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Latest News 21 December 2020 | Wednesday is Poi Day on Ward 23.

Every week patients on Middlemore Hospital’s adult neurological rehabilitation ward join Spinpoi instructor Joanne Paton for a session of Maaori performance art.

The practice is known to improve grip strength, balance and attention and is a very accessible activity, Ms Paton, a Rehabilitation Assistant, says.

“It requires modest resources but can deliver effective rehab to a large number of people at once, helping to maximise delivery of rehab time,” Ms Paton says, noting the majority of patients offered poi are in rehabilitation from stroke.

“In poi we can focus a lot on upper limbs. Poi  moves can always be scaled up to be harder or more complex, easy for those very impaired but also can be challenging for those higher functioning,” she says.

Poi sessions are usually full of smiles and humour to the background of poi waiata, or specific songs for poi.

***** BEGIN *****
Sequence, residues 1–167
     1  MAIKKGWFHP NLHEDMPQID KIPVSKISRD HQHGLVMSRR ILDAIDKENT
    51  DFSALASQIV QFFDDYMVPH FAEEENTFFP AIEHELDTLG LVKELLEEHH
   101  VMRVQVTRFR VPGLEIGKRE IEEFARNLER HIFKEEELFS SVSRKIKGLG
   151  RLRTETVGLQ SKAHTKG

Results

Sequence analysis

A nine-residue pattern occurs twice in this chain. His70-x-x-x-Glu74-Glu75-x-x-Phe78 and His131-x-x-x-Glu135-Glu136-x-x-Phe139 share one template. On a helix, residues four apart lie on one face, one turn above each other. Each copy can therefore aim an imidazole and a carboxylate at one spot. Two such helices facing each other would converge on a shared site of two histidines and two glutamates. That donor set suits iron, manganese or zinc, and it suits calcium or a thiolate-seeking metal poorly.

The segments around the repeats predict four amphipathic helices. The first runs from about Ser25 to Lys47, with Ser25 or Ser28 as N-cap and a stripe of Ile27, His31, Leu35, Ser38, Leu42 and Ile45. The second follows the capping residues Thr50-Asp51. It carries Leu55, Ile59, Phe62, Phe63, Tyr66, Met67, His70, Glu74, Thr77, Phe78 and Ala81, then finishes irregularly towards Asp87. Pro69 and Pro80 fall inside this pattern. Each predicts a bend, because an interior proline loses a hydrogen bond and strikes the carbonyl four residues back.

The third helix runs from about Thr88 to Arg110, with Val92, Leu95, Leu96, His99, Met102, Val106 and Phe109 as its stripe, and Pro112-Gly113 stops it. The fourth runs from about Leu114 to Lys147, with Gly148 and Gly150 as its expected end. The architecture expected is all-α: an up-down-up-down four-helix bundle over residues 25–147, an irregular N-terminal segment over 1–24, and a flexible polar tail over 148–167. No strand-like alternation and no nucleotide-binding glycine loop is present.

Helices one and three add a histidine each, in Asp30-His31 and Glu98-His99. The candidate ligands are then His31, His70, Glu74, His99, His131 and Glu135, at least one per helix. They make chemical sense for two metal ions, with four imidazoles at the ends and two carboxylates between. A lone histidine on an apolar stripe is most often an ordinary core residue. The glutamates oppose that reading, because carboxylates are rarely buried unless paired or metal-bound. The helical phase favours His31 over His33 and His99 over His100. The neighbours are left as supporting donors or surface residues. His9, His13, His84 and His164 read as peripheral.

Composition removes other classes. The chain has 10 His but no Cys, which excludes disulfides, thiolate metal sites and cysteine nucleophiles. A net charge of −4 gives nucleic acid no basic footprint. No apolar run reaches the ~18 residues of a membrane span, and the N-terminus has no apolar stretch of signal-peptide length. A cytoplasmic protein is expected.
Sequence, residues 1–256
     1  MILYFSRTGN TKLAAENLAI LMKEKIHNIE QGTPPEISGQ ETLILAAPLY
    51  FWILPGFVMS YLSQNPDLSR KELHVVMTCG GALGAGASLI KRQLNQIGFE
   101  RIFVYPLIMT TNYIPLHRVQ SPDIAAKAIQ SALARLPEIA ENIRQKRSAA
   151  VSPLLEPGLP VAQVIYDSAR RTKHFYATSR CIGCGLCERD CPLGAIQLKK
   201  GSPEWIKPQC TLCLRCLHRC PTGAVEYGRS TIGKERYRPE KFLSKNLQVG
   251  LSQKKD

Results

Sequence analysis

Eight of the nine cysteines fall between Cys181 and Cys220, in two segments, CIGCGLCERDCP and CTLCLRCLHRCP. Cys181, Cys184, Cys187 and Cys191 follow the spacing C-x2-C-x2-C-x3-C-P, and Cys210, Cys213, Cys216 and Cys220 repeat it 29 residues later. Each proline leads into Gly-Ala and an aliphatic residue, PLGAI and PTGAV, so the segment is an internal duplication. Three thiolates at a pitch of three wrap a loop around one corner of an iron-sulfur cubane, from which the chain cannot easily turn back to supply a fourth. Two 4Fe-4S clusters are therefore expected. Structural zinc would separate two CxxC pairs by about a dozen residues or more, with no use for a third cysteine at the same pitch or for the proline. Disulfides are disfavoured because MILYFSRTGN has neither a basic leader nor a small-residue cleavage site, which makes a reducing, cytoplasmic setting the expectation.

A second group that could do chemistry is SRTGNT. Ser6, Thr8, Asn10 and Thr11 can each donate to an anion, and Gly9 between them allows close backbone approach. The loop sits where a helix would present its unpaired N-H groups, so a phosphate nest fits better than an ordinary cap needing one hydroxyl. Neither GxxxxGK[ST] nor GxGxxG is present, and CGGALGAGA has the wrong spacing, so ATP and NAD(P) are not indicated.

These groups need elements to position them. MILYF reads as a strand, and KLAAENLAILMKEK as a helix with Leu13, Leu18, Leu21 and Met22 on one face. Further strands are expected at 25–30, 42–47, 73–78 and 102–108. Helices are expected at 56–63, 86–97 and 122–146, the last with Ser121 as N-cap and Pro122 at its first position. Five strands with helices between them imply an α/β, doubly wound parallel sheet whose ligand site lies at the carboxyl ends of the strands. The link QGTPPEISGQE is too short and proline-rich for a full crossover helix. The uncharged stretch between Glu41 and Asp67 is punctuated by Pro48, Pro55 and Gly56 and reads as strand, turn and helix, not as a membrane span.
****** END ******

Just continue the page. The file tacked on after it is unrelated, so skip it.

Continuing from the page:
“It's wonderful seeing the progress people make in poi as the weeks pass, and thereis  lots singing and laugh­ter and support for each other as people achieve new things. For many, it's the first (safe) opportunity in their lives to do something they've seen practiced or performed by others.”

According to the website, Spinpoi, it is generally believed that poi was used by Maaori men to train strength and flexibility and by Maaori women as a form of entertainment.

These days the practice is still entertaining and functional.

She says patients generally love the class, asking when they can do it again, and encouraging others on the ward to join up

The programme has been going in wards 23 and 24 for a year now.

Ms Paton makes the poi herself with help from various whaanau members.  She aims to support other health workers to champion the use of poi in their ward or hospital, focussing specifically on effective formats for stroke rehabilitation.

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rehabilitation maori

Less than a minute to read Communications Team

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